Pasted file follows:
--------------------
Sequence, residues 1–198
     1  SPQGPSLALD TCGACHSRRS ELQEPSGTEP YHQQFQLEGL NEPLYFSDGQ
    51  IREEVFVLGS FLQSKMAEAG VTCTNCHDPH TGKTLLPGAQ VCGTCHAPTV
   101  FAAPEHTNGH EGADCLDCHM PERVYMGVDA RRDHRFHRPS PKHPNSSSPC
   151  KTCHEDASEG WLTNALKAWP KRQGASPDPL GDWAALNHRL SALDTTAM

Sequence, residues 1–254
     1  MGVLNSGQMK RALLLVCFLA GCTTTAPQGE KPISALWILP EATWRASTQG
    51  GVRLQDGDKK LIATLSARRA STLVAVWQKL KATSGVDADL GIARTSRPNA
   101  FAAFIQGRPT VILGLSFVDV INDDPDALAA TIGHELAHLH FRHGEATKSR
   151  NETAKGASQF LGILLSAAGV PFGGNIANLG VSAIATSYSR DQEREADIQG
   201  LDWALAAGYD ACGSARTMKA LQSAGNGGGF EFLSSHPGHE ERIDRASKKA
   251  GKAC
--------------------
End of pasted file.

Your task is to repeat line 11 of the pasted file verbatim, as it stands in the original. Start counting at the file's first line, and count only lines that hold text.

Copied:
   201  LDWALAAGYD ACGSARTMKA LQSAGNGGGF EFLSSHPGHE ERIDRASKKA